White House Confirms President Trump Will Use Emergency Power for Border Wall

The Senate has passed a bipartisan border security plan that would finance 55 additional miles of fencing along the U.S.-Mexico border, significantly less than President Donald Trump wanted.

Posted: Feb. 14, 2019 1:31 PM
Updated: Feb. 14, 2019 4:24 PM

WASHINGTON (AP) — The Latest on Congress' border security measure and President Donald Trump (all times local):

6 p.m.

Some Democratic state attorneys general say they may go to court to block any declaration of a national emergency on the southern border by President Donald Trump.

Attorney General Xavier Becerra of California wrote Thursday on Twitter that any border crisis is of the president's own making and "we will do what we must to hold him accountable."

His counterpart in Washington state, Bob Ferguson, said that if Trump's declaration depletes federal aid to the state, he'll "take appropriate steps to block this unlawful action."

On Twitter, Puerto Rico Gov. Ricardo Rossello told the president "we'll see you in court" if he goes through with the declaration.

Trump is prepared to invoke a national emergency to build the U.S.-Mexico wall after Congress refused to provide $5.7 billion he was demanding as part of a budget compromise to avoid a federal shutdown.

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5:30 p.m.

The Democratic Party's field of presidential hopefuls is split on a $333 billion government funding bill that includes nearly $1.4 billion in money for barriers along the U.S.-Mexico border.

The funding bill won support from Sen. Amy Klobuchar of Minnesota, who launched her presidential campaign Sunday, and from Vermont Independent Sen. Bernie Sanders, who is expected to join the Democratic primary soon. Ohio Sen. Sherrod Brown, another Democrat weighing a presidential run, also voted in favor.

White House hopefuls who opposed the legislation include California Sen. Kamala Harris, New Jersey Sen. Cory Booker, Massachusetts Sen. Elizabeth Warren and New York Sen. Kirsten Gillibrand.

Sanders says he has "concerns" about the bill but "I cannot turn my back on" federal workers who would have to work unpaid in a government shutdown.

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5 p.m.

The top two Democrats in Congress say President Donald Trump's upcoming move to declare a national emergency to fund his U.S.-Mexico border wall would be "a lawless act" and "a gross abuse of the power of the presidency."

House Speaker Nancy Pelosi and Senate Minority Leader Chuck Schumer say in a joint statement that "Congress will defend our constitutional authorities."

Pelosi has the ability to pass legislation to overturn any such move by Trump, and that measure could pass the GOP-held Senate as well, though Trump could veto it. Trump's move would also face a certain court challenge.

Pelosi and Schumer say, "This is not an emergency, and the president's fearmongering doesn't make it one."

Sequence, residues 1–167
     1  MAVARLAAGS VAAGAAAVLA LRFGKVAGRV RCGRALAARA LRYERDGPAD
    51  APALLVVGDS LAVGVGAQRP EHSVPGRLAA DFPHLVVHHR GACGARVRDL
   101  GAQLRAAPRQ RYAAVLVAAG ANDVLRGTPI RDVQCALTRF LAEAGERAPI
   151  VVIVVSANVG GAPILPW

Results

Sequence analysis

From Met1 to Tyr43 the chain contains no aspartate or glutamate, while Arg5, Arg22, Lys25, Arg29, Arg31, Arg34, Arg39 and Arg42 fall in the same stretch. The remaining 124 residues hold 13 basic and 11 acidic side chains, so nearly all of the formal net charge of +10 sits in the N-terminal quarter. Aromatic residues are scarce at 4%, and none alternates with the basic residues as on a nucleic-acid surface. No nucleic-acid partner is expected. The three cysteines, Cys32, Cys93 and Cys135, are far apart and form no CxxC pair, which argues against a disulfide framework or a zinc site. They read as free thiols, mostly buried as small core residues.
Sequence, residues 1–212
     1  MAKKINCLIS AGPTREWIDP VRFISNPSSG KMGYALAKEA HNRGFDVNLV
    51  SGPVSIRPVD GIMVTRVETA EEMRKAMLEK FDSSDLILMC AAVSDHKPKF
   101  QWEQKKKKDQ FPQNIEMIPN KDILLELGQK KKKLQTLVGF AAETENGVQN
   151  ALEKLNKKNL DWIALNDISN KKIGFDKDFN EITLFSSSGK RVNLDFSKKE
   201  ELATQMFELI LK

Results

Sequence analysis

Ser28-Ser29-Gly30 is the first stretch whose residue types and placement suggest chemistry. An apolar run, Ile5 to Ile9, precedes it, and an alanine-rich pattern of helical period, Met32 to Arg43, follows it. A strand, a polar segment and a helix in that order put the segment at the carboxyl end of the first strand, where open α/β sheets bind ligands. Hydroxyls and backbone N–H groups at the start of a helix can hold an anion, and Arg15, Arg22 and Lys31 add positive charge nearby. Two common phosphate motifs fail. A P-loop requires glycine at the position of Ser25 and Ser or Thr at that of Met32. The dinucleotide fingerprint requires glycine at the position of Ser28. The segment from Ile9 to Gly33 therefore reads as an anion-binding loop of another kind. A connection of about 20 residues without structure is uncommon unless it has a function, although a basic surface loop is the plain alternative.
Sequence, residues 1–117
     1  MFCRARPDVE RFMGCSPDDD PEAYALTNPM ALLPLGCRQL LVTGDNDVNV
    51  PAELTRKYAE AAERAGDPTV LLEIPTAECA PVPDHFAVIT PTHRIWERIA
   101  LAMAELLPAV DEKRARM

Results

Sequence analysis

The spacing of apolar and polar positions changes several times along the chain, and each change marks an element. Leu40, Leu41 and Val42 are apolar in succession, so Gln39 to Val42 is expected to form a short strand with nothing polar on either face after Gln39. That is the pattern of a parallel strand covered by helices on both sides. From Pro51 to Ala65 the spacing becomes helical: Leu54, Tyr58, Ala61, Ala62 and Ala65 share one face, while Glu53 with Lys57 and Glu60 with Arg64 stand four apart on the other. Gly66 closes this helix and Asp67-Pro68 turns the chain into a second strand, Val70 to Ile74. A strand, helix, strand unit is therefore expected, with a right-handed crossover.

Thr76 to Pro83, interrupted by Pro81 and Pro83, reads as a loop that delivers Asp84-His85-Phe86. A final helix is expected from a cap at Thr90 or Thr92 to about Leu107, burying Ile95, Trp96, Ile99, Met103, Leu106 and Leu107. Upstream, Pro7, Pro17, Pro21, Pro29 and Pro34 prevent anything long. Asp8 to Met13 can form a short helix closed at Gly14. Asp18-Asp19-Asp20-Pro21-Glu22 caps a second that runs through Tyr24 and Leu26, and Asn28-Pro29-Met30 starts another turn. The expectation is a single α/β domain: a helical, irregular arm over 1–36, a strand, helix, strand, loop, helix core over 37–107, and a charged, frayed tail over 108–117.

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4:45 p.m.

Congressional aides say there is $21 billion in military construction funds that could potentially be used by President Donald Trump to build a wall on the southern border, if he declares an emergency.

The aides say the president has the authority to take the funds, but according to the law they have to be used in support of U.S. armed forces.

There is about $10 billion in funds from the current 2019 fiscal year that ends Sept. 30, and another $11 billion from the previous four years that haven't been obligated or contracted for a project, the aides say. They spoke on condition of anonymity because they weren't authorized to speak publicly about the funding details.

The Defense Department has declined to provide any details on the amount of money available.

— Lolita C. Baldor

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4:22 p.m.

The Senate has passed a bipartisan border security plan that would finance 55 additional miles of fencing along the U.S.-Mexico border, significantly less than President Donald Trump wanted.

The vote came shortly after the White House announced he'll sign the measure — and immediately announce he'll use emergency powers to build additional miles without approval from Congress.

The 83-16 Senate vote advances the measure to the House for a vote Thursday night that would send it to Trump for his signature in time to avert another partial government shutdown this weekend.

Senate Majority Leader Mitch McConnell, who has previously said he opposes the use of emergency powers, said he will support Trump's decision to use them.

The border security plan is part of a broader $333 billion spending bill.

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4 p.m.

House Speaker Nancy Pelosi says if President Donald Trump declares a national emergency at the border he's making an "end run around Congress."